John Henry Davis, Plaintiff-appellant, v. Wayne Higgins, Sheriff, Captain Jackson, Medical Department,fairfax County Jail, Defendants-appellees, 933 F.2d 1001 (4th Cir. 1991)

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US Court of Appeals for the Fourth Circuit - 933 F.2d 1001 (4th Cir. 1991) Submitted May 6, 1991. Decided May 23, 1991

Appeal from the United States District Court for the Eastern District of Virginia, at Alexandria. James C. Cacheris, District Judge. (CA-90-327-AM)

John Henry Davis, appellant pro se.

John J. Brandt, Robert S. Corish, Slenker, Brandt, Jennings & Johnston, Merrifield, Va., for appellees.

E.D. Va.




John Henry Davis appeals from the district court's order denying relief under 42 U.S.C. § 1983. Upon reviewing the record and the district court's opinion, we find that dismissal was proper. Although Davis raised claims cognizable under Sec. 1983, he offered no or very few facts in support. The district court gave him an opportunity to particularize his complaint and warned him that a failure to respond could result in a judgment on the pleadings for defendants. When Davis failed to respond, the court entered judgment for the defendants.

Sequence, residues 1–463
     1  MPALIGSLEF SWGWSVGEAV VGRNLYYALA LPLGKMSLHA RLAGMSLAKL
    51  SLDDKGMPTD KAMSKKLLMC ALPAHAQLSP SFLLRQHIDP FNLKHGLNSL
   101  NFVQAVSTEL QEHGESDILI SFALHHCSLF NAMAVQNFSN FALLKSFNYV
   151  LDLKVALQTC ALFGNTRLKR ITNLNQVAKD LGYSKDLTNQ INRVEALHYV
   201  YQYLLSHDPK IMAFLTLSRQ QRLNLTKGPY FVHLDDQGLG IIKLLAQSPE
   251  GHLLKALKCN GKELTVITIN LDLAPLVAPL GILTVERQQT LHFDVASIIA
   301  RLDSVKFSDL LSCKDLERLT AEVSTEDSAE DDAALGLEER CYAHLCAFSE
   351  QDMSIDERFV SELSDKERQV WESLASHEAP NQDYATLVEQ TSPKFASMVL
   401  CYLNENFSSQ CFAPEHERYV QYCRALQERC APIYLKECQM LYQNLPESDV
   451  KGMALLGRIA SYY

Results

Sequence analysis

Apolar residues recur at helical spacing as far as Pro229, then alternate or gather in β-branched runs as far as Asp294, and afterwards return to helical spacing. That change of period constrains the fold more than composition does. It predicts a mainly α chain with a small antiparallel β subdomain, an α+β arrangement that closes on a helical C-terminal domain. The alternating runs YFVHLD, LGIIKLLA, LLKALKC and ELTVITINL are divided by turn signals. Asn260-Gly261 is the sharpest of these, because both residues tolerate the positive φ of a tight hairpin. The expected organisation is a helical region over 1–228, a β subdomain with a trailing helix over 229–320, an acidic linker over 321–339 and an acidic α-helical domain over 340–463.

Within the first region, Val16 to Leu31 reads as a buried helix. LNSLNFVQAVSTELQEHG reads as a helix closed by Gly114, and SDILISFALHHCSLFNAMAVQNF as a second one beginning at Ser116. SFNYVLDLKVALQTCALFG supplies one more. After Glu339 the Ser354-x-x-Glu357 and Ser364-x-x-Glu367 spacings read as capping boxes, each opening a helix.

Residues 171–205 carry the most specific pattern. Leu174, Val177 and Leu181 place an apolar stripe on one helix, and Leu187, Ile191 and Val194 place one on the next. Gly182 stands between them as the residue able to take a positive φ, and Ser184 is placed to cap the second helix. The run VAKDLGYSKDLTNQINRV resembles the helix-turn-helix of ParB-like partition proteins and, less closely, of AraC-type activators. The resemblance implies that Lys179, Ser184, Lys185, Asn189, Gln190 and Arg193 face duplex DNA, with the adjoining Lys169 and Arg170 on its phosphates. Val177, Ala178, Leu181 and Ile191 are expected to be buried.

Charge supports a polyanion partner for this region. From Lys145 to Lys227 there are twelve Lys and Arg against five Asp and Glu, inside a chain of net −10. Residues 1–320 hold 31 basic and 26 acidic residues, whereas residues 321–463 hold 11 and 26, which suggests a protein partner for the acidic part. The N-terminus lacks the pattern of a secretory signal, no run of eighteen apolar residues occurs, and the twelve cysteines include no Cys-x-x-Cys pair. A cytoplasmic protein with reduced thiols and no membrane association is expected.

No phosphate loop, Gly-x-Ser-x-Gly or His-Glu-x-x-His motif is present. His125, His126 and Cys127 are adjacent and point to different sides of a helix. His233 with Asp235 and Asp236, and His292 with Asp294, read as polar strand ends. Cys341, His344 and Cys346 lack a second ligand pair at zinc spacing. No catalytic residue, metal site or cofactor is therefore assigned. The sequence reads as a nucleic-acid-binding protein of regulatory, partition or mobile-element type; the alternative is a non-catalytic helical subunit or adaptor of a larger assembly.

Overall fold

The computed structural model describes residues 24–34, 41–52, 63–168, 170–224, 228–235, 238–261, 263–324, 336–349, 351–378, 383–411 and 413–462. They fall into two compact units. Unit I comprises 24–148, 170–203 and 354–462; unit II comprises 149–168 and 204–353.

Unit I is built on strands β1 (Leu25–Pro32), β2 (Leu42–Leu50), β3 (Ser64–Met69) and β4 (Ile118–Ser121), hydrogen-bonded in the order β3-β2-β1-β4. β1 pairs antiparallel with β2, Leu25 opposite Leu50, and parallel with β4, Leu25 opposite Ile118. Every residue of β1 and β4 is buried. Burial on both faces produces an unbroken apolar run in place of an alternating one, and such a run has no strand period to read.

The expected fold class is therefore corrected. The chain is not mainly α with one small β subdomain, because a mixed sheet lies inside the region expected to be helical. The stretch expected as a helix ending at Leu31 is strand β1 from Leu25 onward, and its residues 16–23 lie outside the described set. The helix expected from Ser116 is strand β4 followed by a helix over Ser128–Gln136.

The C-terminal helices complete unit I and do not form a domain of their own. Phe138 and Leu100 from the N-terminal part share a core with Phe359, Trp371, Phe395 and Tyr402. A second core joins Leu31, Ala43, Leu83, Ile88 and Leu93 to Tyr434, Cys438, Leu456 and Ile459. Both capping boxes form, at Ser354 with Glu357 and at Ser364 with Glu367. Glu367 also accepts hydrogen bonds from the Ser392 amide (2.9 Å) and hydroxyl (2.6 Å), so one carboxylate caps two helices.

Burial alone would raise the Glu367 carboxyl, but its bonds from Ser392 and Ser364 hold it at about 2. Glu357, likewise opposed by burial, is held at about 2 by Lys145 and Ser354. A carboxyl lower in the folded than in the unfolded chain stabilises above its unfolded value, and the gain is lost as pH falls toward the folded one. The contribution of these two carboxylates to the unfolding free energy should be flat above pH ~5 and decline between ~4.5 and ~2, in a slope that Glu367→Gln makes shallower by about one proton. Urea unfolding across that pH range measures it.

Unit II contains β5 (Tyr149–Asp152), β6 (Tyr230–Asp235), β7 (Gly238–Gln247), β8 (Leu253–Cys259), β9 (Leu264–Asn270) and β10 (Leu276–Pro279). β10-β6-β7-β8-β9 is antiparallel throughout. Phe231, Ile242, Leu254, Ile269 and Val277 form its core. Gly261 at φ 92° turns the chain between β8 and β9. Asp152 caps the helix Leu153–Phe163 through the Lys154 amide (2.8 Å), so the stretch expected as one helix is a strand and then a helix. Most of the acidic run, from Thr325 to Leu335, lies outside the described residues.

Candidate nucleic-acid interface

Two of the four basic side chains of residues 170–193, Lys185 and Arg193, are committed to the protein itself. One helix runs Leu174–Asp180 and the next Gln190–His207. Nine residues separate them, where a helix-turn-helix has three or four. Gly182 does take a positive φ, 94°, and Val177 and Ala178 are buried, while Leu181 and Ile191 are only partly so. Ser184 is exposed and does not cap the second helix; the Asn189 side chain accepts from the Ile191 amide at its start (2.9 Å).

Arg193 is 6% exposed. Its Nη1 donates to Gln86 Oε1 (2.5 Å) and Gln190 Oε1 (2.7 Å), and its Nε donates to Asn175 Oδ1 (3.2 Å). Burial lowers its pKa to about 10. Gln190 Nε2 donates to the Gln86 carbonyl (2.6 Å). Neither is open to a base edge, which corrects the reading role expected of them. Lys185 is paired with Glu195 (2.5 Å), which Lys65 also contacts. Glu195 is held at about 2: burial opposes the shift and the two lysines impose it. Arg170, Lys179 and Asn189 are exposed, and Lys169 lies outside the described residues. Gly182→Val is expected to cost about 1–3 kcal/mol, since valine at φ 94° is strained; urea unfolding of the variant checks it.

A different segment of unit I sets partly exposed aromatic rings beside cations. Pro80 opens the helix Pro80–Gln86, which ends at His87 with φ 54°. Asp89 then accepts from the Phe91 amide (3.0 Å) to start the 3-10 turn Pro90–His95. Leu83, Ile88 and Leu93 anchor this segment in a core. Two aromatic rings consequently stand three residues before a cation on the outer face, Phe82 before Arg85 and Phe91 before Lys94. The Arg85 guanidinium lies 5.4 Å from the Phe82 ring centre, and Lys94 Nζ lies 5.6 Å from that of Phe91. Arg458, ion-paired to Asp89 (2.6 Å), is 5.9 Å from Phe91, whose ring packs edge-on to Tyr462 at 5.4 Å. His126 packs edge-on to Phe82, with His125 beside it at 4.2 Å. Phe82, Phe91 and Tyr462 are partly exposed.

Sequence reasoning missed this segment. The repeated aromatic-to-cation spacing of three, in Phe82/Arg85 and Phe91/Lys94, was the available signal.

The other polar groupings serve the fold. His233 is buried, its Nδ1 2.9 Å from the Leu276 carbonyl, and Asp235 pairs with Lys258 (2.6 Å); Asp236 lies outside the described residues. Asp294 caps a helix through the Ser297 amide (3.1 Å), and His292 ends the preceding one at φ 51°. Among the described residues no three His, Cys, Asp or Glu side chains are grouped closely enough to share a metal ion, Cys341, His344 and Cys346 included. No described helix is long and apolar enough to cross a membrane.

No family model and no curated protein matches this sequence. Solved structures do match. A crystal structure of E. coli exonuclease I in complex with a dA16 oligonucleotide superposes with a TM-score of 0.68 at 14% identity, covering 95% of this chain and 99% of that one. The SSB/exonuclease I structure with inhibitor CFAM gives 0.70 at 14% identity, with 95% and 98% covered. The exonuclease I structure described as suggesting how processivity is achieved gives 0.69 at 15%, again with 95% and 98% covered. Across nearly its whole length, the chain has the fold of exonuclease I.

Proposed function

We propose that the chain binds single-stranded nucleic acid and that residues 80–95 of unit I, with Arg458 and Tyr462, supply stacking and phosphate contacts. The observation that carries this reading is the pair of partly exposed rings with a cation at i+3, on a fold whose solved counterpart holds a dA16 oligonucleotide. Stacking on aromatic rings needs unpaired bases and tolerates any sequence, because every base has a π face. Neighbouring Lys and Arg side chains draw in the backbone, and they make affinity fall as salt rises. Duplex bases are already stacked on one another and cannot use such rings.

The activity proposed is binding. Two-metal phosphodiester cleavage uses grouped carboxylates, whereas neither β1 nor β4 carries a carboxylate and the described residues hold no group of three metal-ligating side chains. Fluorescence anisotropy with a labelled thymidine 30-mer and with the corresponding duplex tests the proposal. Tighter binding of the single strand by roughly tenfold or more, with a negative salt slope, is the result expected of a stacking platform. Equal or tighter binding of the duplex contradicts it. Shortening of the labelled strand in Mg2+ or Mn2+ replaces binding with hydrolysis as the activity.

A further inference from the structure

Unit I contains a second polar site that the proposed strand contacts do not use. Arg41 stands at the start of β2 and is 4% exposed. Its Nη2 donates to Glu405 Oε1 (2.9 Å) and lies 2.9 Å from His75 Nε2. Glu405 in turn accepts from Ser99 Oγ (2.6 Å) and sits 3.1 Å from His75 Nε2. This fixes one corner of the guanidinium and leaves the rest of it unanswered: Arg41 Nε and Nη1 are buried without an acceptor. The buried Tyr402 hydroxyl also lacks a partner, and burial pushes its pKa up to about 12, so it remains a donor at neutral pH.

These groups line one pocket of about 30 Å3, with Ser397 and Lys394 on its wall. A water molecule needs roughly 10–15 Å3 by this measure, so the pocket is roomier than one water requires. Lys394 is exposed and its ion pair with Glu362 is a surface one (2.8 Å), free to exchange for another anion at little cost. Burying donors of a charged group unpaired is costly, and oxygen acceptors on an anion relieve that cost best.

Under Fed. R. Civ. P. 12(b) (6), a dismissal is properly granted where, construing allegations in the light most favorable to the plaintiff and assuming facts alleged in the complaint to be true, it is clear as a matter of law that no relief could be granted under any set of facts that could be proved consistent with the allegations. Hishon v. King & Spaulding, 467 U.S. 69, 73 (1984); Revene v. Charles County Commissioners, 882 F.2d 870, 872 (4th Cir. 1989). It is not clear that Davis could never prove facts consistent with his allegations, which renders the court's dismissal based on Rule 12(b) (6) improper. However, Davis failed to particularize his deficient complaint in accordance with the court's order, and therefore dismissal was proper. See Ballard v. Carlson, 882 F.2d 93 (4th Cir. 1989), cert. denied, 58 U.S.L.W. 3527 (U.S.1990); Fed. R. Civ. P. 41(b). Thus, although we affirm the court's dismissal, we modify the court's order to reflect that the dismissal is without prejudice. See 28 U.S.C. § 2106. We dispense with oral argument because the facts and legal contentions are adequately presented in the materials before the Court and argument would not aid the decisional process.